Introducing The Lead: What Can Go Wrong?

 
The very first time you put a lead on your new puppy you allow her to walk wherever she wants. You let her decide where she wants to go and follow meekly behind her holding on to the lead.

 

Your puppy has spotted a leaf fluttering by and decides that chasing the leaf is a great game. You try and keep up but inevitably as your puppy pounces and darts after the leaf, the lead goes tight. Pup is now experiencing pressure on her delicate little neck for the first time, and she does not like the sensation.

 

 Instinctively she starts to fight against this pressure. Feeling trapped, she pulls to get away from the pressure. You hate to see her in distress, so you keep hold of the lead and follow. Trying to release the tension in the lead because you don’t want her to hurt herself.

 

Now fast forwards a few days. You are lead training your puppy again. Now as soon as the lead goes on, puppy tries to pull away. You put a little tension in the lead as you are trying to teach her to follow you, instead of you following her.

 

Your puppy remembers the pressure she felt on her little neck the first time she had the lead on. She didn’t like it, so she starts to fight against the force. You apply a little more tension to the lead to get her to come to you, and your puppy responds by fighting even harder.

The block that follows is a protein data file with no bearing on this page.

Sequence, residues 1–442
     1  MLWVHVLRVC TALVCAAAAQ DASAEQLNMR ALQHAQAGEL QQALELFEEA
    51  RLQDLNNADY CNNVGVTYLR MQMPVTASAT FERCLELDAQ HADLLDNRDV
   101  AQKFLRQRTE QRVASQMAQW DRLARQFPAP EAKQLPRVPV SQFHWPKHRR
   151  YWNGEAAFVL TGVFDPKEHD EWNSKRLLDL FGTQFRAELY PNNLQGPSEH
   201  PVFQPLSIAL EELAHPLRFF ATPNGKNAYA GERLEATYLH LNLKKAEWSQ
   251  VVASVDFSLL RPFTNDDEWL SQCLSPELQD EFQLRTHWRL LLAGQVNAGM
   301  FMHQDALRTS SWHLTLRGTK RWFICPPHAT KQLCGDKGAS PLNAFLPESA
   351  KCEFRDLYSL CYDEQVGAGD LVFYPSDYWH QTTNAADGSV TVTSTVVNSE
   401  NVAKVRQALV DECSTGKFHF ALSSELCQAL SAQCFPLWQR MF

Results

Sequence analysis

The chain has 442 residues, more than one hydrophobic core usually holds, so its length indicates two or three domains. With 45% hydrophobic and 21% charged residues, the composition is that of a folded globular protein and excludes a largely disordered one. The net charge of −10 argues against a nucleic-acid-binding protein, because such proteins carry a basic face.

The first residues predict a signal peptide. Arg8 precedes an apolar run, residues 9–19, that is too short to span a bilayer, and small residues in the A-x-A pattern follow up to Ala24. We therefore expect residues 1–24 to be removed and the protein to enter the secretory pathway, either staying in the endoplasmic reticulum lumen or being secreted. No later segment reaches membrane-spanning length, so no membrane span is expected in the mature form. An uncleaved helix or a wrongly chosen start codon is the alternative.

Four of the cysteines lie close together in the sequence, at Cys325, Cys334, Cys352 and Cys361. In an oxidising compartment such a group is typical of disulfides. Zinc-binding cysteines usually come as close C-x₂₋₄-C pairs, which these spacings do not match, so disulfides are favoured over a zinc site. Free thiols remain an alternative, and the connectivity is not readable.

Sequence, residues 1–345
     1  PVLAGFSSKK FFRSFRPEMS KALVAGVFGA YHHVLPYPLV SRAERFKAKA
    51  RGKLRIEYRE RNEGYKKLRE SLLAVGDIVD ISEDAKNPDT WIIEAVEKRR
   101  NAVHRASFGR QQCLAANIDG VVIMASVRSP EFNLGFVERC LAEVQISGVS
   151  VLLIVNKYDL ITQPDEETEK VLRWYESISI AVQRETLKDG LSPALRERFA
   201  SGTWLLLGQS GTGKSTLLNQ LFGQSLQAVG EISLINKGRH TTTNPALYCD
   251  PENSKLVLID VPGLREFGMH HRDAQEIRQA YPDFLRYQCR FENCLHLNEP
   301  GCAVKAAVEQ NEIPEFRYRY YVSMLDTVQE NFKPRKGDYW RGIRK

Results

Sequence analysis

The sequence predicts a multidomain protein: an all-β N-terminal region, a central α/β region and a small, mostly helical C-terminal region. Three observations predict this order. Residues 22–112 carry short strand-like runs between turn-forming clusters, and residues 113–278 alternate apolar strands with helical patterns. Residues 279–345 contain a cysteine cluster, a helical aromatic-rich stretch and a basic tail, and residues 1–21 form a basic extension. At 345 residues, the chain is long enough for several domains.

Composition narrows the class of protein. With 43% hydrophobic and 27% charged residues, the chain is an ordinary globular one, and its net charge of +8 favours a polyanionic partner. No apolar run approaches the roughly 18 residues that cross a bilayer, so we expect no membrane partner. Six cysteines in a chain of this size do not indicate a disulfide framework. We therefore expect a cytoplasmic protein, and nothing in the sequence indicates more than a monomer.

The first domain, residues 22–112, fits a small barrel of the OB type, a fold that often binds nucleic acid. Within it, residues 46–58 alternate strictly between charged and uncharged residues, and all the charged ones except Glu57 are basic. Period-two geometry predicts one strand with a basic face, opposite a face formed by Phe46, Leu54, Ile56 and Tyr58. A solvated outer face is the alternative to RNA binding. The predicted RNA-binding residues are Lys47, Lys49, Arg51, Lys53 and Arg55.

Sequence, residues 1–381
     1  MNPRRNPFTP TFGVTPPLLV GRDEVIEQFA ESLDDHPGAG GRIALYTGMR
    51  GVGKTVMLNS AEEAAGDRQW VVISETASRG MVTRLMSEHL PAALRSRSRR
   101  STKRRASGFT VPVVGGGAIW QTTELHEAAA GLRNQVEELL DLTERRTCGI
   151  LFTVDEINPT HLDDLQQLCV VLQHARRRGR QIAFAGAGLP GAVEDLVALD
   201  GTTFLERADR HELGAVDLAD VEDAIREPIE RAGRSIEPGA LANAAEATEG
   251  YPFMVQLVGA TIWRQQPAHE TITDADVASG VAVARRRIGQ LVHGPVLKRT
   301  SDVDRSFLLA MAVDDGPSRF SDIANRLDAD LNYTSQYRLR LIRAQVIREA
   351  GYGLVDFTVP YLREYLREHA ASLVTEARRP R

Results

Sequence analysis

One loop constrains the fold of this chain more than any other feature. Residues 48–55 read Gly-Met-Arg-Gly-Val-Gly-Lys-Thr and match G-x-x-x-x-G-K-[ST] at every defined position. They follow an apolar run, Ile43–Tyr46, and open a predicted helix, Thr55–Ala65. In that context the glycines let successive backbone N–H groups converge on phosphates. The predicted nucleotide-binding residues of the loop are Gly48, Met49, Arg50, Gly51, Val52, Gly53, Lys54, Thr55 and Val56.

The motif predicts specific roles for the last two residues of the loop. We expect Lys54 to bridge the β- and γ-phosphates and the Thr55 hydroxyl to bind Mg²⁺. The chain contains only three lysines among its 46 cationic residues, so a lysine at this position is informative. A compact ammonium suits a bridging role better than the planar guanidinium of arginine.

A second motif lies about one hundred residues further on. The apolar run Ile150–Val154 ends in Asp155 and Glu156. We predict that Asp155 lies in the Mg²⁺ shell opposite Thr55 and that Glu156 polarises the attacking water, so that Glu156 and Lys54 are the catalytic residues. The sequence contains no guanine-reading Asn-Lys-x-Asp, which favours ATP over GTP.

One of two things is likely to happen here.

 

Scenario 1:  She pulls and strains and shakes her little head and somehow, fighting against the pressure, she manages to pull out of her small puppy collar.

 

Wow, what a relief! All that nasty pressure is gone. Your puppy has now learnt that if she fights hard enough, she will gain freedom.

 

Scenario 2: Puppy pulls and strains and because you don’t want her to hurt herself you rush forward to release the pressure. Here your puppy learns that if she pulls you keep following her, so she gets to go wherever she wants to go, and she will get there quicker.

 

What happened?

 

 

Every Action Has An Equal And Opposite Reaction

 

In both scenarios, we are dealing with this little instinct called Opposition Reflex. This is an automatic response, a reflex that causes us and our dogs to resist pressure with an equal (or greater) force.

 

Just think about what happens if someone leans into you, you don’t fall over, do you?

 

This is because of the opposition reflex, without having to think about it you instinctively match the force that is being put on you by the leaning.

 

Sometimes the solution to this problem can be as simple as preventing the opposition reflex from happening. This can be by changing from a collar and lead combination to a head collar or even a harness and lead combo. While changing the equipment you use can have a positive effect, it will not solve the problem in the long term.

 

This is because there are other reasons why dogs pull and if these are not addressed your dog will learn to pull on a harness and head collar too.

 

Teaching your puppy how to walk on a loose lead is what I talk about in my new book 'No Pulling Allowed'. The Kindle book is now available from Amazon or you can grab a signed paperback copy from me by heading over to www.nopullingallowed.co.uk. The release date has now been confirmed as the 7th July 2019. 
 

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